I agree with this. Caroline is better able to deliver clean programs now than before but the technical level she is attempting is a bit lower. However, I would say that Caro has "peaked" recently because I think part of peaking means being able to translate what you do in practice to your competitive programs. She hasn't done that before but she is making far fewer errors these days, skating several consecutive programs free of falls. She never was able to do that before.
Originally Posted by mikeko666
Yes, I agree with this definition of 'peaking', and so it does actually mean that 'peaking' can occur anywhere between 12-13 (for those who don't survive puberty) to late 20's, depending on the skater.
Originally Posted by drivingmissdaisy
Maybe 15-20 years ago, one didn't see 'peaking' in mid to late 20's, but several factors make it possible now:
1. availability of nutritionist advice (based on DNA analysis) to know what exactly you should be eating at what times and in what amounts and in what order
2. availability of trainers who are able to specify what types of training to do in what order to gain or lose what kinds of muscles in what parts of your body
3. advancements in coaching techniques (i.e., use of handycams in everyday practice and other computer-assisted analysis of athletes' movements at a microlevel to spot what is not right) that make late-stage technical corrections less troublesome
In other words, there is more precise information on how to micro-manage your health and physique, there are now more ways to continuously improve as a figure skater, and physically, women do have their natural peak around 23-5 and men in their mid to late 20's (if you look at what age groups are winning in other sports, that is what you can say), and since there's such a strong mental component to this sport, some skaters may have physically peaked a bit earlier but only reach their mental peak a bit later, and so as a whole, they reach their 'peak' in their mid to late 20's for women, and men bordering 30. So it's to be expected that 'older' skaters will continue to win in figure skating.
Of course, this is not to say that younger skaters won't win. I'm sure there will be occasions when a precocious skater will win.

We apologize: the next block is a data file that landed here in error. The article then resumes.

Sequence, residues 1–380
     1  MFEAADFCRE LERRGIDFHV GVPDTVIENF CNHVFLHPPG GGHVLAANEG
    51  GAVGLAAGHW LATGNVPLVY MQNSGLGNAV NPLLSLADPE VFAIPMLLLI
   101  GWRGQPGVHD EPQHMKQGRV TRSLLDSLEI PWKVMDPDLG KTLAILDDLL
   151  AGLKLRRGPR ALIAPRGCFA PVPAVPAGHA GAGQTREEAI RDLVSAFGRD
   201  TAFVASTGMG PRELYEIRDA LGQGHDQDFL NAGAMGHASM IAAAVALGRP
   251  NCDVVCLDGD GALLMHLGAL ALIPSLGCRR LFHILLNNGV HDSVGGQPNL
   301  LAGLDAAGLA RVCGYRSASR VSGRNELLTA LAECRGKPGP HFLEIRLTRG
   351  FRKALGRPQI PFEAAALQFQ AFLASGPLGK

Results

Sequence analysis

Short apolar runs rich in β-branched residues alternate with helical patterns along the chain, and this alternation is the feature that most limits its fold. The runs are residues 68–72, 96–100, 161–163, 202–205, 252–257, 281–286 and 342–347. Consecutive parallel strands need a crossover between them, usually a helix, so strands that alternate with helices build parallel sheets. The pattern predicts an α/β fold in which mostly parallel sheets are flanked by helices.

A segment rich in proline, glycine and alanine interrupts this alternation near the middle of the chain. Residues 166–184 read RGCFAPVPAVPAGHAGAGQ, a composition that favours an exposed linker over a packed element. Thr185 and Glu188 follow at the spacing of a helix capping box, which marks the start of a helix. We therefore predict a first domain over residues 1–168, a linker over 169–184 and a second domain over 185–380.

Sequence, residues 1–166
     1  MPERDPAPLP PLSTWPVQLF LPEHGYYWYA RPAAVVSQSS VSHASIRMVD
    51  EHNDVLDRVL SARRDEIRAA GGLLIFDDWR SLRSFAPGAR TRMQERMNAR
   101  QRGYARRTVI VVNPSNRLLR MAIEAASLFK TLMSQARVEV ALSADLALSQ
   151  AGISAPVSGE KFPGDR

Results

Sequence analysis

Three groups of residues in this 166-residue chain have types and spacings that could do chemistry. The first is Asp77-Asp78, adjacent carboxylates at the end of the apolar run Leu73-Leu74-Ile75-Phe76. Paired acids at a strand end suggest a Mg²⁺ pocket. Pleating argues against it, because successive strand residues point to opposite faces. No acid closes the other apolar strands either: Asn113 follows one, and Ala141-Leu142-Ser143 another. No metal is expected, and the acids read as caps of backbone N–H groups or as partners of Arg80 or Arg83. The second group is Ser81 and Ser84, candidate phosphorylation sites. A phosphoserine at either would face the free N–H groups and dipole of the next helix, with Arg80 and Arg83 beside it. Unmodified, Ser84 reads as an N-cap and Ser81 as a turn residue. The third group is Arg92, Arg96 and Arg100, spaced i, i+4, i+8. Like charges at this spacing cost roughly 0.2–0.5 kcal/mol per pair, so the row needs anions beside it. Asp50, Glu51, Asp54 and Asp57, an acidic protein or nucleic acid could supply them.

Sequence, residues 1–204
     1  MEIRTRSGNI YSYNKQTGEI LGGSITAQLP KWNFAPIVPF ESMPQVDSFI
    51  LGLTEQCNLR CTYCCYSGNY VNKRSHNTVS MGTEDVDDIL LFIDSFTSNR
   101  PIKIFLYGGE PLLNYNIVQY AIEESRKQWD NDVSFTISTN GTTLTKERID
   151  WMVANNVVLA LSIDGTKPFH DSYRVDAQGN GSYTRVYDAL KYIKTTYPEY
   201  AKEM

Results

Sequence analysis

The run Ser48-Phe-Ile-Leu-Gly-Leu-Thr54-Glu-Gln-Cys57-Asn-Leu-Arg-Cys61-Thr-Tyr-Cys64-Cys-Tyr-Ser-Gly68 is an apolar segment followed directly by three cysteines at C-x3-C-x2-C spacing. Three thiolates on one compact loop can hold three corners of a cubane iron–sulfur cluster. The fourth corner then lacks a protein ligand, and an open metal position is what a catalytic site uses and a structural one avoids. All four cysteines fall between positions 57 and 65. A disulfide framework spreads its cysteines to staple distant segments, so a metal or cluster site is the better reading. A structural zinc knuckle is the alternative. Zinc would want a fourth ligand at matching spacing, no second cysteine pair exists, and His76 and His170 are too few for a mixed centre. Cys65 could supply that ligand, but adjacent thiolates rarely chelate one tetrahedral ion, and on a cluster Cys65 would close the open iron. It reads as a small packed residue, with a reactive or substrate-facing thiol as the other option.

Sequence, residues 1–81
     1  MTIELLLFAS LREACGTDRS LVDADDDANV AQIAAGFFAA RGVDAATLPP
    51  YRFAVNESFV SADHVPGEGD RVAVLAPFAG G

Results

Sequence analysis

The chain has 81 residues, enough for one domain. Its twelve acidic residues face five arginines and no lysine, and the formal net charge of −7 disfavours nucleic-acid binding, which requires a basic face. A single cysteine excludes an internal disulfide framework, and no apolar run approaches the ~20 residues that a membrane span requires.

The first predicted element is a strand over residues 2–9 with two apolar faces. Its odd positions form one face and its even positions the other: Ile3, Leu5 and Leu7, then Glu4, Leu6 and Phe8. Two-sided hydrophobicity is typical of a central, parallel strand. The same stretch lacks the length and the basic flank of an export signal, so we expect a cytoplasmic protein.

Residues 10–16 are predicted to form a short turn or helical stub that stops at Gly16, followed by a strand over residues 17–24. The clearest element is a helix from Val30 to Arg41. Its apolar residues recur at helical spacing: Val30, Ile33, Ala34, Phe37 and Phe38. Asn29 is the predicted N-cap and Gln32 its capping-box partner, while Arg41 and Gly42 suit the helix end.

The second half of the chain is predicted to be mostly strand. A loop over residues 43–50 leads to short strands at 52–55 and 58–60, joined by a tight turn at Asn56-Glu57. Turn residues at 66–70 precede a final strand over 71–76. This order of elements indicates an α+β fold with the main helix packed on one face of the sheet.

Last edited by hurrah; 04-14-2012 at 09:58 PM.
It is different for each individual. Here would be my estimations of some past noteables:
Maria Butyrskaya- peaked around age 26. Her best competition ever was the 1999 Worlds at 26. Her best short program ever was the 2000 Worlds at 27. Her best long program ever was possibly the 1998 Europeans at 25. Age 25-27 is the only time her skating and execution of elements was smooth enough to be taken seriously as a contender.
Michelle Kwan- Some would say she peaked at age 17 in 1998. Phil Hersh said she peaked technically at age 15 in 1996, and artistically at age 17 in 1998. I however feel her best overall performances ever were at the 2000 and 2001 Worlds at ages 20 and 21, so I would say that is when she peaked.
Tara Lipinski- Peaked at 14 and 15, but never gave herself the chance to peak at any later age.
Irina Slutskaya- Her best skating ever was fall 2004-fall 2005 until the 05/06 GP final where her decline towards Turin began. Thus she peaked at roughly age 26. Despite that from 2000-2002 she won 3 straight Grand Prix finals, a World title, an Olympic silver, regularly defeated Michelle Kwan, and nearly won 2 additional Worlds and an Olympics, she still was not skating at her fall 04/winter 05/fall 05 level, apart from possibly the 2000 Grand Prix final and 2001 Russian Nationals.
Alissa Czisny- I have a feeling her peak will forever be the 2010-2011 season. Thus her peak was age 23.
Lu Chen- Her combined technical and artistic peak was 1994/1995 so she peaked very young, ages 17 and 18. Her best performance ever was probably her LP at the 96 Worlds, but it came after a season of disaesterous skating compared to the previous 4 seasons (which is why in the political sport of figure skating she was marked 2nd for a superior performance to winner Michelle Kwan) so was an anamoly of sorts. Her technical peak was 1992-1994 and artistic peak was 1995-1998.
Surya Bonaly- Her peak was in 1993 so she peaked at age 19. Her performances at the 94 Olympics and 94 Worlds already showed a slight decline, though she didnt majorly drop off until fall 95.
Miki Ando- peaked in 2006-2007 season at age 19. Capatilized on weak field to dominate 2010-2011 season but did not reach level of skating (well mostly jumping but that is all that matters with her) as 2006-2007.
Mao Asada- peaked from fall 2005-winter 2007 so ages 15 and 16.
Joannie Rochette- peaked at ages 23/24.
Sasha Cohen- peaked at age 20/21.
Midori Ito- peaked at age 19/20 in 1989 and 1990.
Kristi Yamaguchi- peaked as amateur at age 19/20, but based on pro skating probably would have continued to get better had she stayed in.
The oldest lady skaters ever peak at the amateur level (as a pro competitor or show skater you can peak at any age) is 26. The youngest can be 15. So those holding on hoping to reach a late career peak in their 30s like Fumie Suguri are clearly delusional, as even the wide variance of peaking ages does not include anything like that.